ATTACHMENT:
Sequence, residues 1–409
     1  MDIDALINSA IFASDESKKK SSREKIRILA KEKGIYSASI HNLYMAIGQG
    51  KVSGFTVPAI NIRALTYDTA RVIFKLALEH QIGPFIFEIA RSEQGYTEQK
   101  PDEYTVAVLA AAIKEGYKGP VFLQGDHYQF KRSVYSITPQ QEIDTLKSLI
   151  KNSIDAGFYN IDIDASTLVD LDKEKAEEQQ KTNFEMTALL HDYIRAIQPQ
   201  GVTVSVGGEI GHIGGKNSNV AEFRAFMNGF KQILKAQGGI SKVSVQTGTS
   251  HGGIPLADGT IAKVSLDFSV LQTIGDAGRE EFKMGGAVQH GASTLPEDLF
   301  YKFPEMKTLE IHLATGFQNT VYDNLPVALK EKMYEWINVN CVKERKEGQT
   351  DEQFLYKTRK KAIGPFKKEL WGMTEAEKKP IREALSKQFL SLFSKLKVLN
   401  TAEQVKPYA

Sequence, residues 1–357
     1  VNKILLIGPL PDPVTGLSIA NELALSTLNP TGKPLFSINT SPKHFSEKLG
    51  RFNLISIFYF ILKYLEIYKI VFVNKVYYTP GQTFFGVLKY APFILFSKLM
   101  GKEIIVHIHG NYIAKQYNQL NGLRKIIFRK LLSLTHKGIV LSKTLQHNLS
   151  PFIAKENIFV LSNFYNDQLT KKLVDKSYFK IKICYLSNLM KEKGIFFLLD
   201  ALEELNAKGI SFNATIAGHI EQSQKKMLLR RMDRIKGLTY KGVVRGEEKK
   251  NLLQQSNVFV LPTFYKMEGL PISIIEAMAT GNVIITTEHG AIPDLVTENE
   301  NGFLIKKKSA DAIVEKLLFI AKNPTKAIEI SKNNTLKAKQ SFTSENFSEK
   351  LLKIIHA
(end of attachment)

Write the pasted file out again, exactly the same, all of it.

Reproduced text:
Sequence, residues 1–409
     1  MDIDALINSA IFASDESKKK SSREKIRILA KEKGIYSASI HNLYMAIGQG
    51  KVSGFTVPAI NIRALTYDTA RVIFKLALEH QIGPFIFEIA RSEQGYTEQK
   101  PDEYTVAVLA AAIKEGYKGP VFLQGDHYQF KRSVYSITPQ QEIDTLKSLI
   151  KNSIDAGFYN IDIDASTLVD LDKEKAEEQQ KTNFEMTALL HDYIRAIQPQ
   201  GVTVSVGGEI GHIGGKNSNV AEFRAFMNGF KQILKAQGGI SKVSVQTGTS
   251  HGGIPLADGT IAKVSLDFSV LQTIGDAGRE EFKMGGAVQH GASTLPEDLF
   301  YKFPEMKTLE IHLATGFQNT VYDNLPVALK EKMYEWINVN CVKERKEGQT
   351  DEQFLYKTRK KAIGPFKKEL WGMTEAEKKP IREALSKQFL SLFSKLKVLN
   401  TAEQVKPYA

Sequence, residues 1–357
     1  VNKILLIGPL PDPVTGLSIA NELALSTLNP TGKPLFSINT SPKHFSEKLG
    51  RFNLISIFYF ILKYLEIYKI VFVNKVYYTP GQTFFGVLKY APFILFSKLM
   101  GKEIIVHIHG NYIAKQYNQL NGLRKIIFRK LLSLTHKGIV LSKTLQHNLS
   151  PFIAKENIFV LSNFYNDQLT KKLVDKSYFK IKICYLSNLM KEKGIFFLLD
   201  ALEELNAKGI SFNATIAGHI EQSQKKMLLR RMDRIKGLTY KGVVRGEEKK
   251  NLLQQSNVFV LPTFYKMEGL PISIIEAMAT GNVIITTEHG AIPDLVTENE
   301  NGFLIKKKSA DAIVEKLLFI AKNPTKAIEI SKNNTLKAKQ SFTSENFSEK
   351  LLKIIHA